Marine Climate

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East Australian Current

Tasmania eac

Lead Author: 

Ken Ridgway 1

Co Authors: Katy Hill 2

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What is happening?

The intensification of flow and accelerated warming observed in the EAC is also seen in other Southern Hemisphere western boundary current systems, driven by the strengthening and contraction south of Southern Hemisphere westerlies (wind), although regional responses mean rates of warming differ among systems. A range of species, including plankton, fish and invertebrates, are now found further south because of enhanced transport of larvae and juveniles in the stronger EAC and the high rate of regional warming.

What is expected?

EAC flow will increase off southeast Australia with a compensating decrease off north-east Australia.

What we are doing about it?

New observations established as part of IMOS are beginning to provide an integrated view of the EAC. Long-term monitoring at Maria Island (Tas),and Port Hacking (NSW), are being sustained and enhanced as part of a network of National Reference Stations; a new station has also been established at North Stradbroke Island (Qld). IMOS is also supporting the Ships of Opportunity XBT network (provides temperature profiles every 25 km along ship tracks) in the Tasman Sea, which captures key limbs of the EAC system; and is delivering these data in real time.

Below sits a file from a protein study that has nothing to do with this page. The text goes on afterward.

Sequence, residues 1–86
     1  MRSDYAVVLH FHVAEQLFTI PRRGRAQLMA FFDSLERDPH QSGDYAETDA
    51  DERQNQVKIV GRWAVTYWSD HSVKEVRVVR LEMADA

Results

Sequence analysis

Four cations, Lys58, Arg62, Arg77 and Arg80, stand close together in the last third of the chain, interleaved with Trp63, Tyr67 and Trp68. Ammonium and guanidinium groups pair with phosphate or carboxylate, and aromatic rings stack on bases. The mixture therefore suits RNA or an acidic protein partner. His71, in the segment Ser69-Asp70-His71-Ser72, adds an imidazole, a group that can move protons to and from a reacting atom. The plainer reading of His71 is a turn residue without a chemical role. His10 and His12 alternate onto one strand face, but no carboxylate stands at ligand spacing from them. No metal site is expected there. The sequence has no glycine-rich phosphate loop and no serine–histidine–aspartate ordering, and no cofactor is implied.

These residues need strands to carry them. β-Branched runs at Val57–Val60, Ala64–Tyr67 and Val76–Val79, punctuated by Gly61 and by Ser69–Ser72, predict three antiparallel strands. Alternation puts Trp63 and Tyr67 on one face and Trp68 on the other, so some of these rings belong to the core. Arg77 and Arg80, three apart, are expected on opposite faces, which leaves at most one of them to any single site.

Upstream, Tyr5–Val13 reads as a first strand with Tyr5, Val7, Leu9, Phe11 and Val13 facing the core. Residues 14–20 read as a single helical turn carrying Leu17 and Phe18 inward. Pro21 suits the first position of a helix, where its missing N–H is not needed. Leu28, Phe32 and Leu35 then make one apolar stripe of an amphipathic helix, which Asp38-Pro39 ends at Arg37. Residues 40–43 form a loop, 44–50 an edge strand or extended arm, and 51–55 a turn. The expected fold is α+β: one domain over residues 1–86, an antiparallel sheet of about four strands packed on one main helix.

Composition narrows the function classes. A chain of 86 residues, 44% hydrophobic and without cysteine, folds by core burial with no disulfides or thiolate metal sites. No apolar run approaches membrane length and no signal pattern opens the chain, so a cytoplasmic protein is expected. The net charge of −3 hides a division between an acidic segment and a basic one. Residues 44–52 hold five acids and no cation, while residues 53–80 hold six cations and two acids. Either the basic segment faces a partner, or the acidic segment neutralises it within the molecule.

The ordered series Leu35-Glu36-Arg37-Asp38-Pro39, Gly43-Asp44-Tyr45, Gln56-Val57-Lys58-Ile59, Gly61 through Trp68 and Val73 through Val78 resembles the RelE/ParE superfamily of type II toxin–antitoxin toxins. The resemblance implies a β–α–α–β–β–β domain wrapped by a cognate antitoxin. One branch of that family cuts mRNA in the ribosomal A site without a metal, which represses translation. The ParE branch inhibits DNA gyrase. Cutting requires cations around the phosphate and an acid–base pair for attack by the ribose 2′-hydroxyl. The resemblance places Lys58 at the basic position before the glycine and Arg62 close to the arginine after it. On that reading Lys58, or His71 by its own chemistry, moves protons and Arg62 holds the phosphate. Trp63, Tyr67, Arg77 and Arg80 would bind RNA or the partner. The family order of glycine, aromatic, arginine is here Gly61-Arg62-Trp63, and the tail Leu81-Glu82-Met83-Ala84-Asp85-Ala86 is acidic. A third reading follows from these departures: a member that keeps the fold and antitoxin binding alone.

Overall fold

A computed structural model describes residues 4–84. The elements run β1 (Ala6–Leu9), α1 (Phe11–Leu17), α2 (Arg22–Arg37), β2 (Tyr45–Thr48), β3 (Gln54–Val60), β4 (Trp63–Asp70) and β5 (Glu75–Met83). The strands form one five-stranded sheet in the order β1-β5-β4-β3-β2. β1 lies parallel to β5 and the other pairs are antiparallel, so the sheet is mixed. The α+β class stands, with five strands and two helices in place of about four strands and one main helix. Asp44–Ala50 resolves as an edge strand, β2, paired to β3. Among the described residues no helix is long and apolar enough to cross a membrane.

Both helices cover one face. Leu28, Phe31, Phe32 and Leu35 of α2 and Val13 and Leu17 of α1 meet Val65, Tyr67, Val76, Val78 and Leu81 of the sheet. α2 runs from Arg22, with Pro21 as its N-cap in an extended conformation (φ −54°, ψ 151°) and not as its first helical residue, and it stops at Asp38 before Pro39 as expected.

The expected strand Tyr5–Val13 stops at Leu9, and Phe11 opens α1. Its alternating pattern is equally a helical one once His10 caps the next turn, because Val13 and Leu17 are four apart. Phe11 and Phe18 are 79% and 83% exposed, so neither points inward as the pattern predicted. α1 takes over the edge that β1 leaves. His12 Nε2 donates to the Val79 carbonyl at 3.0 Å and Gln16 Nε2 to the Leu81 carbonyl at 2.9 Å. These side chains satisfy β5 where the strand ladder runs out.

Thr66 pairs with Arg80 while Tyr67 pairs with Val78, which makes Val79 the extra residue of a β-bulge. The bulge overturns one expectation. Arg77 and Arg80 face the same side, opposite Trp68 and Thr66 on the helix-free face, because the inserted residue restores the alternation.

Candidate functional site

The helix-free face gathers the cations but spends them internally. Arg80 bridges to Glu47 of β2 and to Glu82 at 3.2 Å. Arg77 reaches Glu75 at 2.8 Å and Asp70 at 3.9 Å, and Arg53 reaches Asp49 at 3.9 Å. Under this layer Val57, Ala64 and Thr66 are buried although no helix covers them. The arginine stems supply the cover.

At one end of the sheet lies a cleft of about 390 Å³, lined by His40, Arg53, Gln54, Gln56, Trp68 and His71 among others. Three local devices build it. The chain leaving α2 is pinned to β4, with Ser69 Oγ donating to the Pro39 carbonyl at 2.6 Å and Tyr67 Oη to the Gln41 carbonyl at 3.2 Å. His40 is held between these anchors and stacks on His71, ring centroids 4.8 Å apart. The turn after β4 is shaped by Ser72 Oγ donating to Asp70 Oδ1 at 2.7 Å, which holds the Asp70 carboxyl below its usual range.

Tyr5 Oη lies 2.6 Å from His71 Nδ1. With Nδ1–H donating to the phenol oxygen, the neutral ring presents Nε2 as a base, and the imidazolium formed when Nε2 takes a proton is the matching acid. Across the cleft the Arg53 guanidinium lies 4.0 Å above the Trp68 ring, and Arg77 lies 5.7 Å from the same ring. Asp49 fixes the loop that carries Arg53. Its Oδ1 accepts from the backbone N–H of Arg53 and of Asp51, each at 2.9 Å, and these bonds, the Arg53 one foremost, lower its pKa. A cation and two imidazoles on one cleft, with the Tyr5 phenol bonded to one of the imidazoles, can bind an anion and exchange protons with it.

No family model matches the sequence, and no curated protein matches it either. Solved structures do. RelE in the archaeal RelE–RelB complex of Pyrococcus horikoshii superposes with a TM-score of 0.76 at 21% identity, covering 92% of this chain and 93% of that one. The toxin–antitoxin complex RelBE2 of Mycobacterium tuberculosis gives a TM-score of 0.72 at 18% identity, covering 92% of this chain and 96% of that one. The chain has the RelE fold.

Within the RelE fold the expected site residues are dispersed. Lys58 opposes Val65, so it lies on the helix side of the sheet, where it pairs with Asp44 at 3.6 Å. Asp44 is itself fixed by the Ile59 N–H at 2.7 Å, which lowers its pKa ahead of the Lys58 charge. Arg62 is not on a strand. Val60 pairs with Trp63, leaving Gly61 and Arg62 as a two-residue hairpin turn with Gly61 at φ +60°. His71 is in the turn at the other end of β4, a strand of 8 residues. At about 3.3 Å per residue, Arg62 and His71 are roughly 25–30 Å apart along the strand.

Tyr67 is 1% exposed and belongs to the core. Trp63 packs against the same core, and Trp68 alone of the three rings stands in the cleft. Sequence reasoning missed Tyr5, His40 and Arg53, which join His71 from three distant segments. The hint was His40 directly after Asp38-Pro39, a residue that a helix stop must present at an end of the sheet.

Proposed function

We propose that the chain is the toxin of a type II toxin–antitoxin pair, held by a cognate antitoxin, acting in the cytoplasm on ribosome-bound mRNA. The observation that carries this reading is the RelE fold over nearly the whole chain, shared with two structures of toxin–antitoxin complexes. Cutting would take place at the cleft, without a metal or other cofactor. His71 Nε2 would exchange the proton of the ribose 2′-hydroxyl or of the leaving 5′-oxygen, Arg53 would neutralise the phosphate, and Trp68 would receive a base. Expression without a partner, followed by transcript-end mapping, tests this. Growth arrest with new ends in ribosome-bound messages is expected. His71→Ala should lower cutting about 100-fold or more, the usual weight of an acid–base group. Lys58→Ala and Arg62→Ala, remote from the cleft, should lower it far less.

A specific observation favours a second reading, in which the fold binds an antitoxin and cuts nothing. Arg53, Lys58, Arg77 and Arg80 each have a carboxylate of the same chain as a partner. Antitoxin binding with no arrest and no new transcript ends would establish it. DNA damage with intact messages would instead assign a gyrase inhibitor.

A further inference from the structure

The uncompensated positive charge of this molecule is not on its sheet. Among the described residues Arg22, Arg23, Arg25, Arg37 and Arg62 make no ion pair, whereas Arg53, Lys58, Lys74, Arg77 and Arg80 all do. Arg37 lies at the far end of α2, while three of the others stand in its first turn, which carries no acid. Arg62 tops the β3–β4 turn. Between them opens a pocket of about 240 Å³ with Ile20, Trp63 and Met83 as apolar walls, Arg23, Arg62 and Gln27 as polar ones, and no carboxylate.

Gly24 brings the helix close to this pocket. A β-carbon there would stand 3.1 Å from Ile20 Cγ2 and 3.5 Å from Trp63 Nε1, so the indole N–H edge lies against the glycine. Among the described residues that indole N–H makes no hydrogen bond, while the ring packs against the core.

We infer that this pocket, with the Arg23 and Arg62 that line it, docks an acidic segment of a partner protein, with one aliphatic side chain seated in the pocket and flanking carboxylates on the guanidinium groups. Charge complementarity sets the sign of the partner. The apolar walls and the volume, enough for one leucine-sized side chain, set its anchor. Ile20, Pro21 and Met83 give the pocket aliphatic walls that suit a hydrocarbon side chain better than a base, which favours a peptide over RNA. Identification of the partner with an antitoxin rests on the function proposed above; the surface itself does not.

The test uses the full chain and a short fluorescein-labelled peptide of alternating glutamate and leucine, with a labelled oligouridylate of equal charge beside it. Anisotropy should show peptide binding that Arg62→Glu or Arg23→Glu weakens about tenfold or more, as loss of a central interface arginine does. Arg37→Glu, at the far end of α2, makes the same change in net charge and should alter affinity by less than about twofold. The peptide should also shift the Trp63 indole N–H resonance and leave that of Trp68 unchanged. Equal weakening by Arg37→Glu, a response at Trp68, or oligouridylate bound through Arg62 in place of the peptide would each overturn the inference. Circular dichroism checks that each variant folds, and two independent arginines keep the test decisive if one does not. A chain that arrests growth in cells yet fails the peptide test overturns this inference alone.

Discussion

Summary

The East Australian Current (EAC) is a complex and highly energetic western boundary system in the south-western Pacific off eastern Australia. The EAC forms part of the western boundary of the South Pacific Gyre and the linking element between the Pacific and Indian Ocean gyres.

The EAC is similar to other western boundary currents and is dominated by a series of mesoscale eddies which produce highly variable patterns of current strength and direction. Seasonal, interannual and particularly strong decadal changes are observed in the EAC which tend to mask the underlying long-term trends related to greenhouse gas (GHG) forcing.

Observations from a long-term coastal station off Tasmania show that the EAC has strengthened and extended further southward over the past 60 years. The south Tasman Sea region has become both warmer and saltier with mean trends of 2.28°C/century and... continued on the full report

Ocean acidification

Carbonic-acid-3d-vdw

Lead Author: 

William R. Howard 1